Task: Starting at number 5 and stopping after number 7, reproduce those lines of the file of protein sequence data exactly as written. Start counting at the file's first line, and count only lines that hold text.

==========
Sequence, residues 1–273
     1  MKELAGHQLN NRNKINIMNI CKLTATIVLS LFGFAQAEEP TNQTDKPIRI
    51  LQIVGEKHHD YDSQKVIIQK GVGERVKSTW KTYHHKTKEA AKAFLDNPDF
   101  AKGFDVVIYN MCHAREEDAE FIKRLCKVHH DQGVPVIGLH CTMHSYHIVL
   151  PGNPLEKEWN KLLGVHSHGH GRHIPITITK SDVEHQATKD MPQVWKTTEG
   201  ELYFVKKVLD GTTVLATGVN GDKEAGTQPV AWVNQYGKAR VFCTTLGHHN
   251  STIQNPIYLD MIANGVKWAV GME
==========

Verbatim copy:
   151  PGNPLEKEWN KLLGVHSHGH GRHIPITITK SDVEHQATKD MPQVWKTTEG
   201  ELYFVKKVLD GTTVLATGVN GDKEAGTQPV AWVNQYGKAR VFCTTLGHHN
   251  STIQNPIYLD MIANGVKWAV GME